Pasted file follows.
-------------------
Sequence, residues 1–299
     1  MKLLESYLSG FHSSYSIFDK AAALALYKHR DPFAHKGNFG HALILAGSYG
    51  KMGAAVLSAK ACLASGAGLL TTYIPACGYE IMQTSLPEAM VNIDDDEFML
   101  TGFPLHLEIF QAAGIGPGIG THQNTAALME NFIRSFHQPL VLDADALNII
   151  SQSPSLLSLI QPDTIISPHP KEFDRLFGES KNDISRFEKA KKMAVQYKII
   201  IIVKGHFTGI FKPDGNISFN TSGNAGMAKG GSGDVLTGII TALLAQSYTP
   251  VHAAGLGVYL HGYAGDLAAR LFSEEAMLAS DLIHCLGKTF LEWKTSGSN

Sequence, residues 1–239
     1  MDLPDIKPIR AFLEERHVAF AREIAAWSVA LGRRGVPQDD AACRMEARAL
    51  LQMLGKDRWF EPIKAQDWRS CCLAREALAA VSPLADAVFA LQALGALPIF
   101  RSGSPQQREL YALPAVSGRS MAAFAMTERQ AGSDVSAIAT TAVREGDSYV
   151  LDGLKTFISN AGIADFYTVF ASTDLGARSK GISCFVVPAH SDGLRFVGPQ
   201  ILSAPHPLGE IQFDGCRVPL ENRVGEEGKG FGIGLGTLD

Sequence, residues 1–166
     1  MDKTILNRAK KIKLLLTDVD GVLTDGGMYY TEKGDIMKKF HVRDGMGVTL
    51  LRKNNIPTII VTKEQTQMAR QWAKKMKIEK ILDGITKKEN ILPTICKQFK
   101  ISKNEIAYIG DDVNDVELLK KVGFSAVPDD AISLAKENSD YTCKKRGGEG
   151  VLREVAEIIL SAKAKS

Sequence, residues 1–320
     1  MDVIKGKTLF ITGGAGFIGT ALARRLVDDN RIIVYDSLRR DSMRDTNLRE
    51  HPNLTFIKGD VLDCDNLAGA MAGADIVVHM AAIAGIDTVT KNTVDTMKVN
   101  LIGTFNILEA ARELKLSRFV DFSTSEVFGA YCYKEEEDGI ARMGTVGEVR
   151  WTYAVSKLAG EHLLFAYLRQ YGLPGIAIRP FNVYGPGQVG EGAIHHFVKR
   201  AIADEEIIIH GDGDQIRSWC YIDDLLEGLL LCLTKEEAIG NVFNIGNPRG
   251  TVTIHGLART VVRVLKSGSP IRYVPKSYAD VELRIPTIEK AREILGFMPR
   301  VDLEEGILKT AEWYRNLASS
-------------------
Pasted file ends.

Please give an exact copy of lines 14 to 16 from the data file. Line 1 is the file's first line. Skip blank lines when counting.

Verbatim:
Sequence, residues 1–166
     1  MDKTILNRAK KIKLLLTDVD GVLTDGGMYY TEKGDIMKKF HVRDGMGVTL
    51  LRKNNIPTII VTKEQTQMAR QWAKKMKIEK ILDGITKKEN ILPTICKQFK